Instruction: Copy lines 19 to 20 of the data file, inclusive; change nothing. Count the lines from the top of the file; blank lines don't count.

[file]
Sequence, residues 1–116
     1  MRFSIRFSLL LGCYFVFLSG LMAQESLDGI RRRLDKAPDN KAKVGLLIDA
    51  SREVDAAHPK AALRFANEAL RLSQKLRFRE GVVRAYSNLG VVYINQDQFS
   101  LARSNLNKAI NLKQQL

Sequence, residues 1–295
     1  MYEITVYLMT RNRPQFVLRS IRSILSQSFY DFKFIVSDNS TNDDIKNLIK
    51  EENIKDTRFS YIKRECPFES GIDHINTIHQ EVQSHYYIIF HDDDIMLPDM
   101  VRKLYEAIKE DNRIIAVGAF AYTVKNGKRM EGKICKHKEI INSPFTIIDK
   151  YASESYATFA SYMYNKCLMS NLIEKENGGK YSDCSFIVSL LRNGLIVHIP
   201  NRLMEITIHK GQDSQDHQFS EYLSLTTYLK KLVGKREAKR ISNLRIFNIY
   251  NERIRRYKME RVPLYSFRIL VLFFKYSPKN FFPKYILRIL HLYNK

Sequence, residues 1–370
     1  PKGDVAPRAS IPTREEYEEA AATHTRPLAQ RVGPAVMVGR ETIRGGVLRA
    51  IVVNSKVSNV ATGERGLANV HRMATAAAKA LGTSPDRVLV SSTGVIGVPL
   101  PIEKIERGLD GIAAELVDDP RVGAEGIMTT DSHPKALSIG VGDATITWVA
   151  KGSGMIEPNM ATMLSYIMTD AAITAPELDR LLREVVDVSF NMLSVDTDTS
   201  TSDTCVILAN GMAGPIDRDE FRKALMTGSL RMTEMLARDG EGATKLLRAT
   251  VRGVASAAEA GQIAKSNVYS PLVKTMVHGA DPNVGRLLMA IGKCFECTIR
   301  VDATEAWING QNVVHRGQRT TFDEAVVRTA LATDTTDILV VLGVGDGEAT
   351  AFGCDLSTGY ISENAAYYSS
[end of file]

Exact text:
   301  VDATEAWING QNVVHRGQRT TFDEAVVRTA LATDTTDILV VLGVGDGEAT
   351  AFGCDLSTGY ISENAAYYSS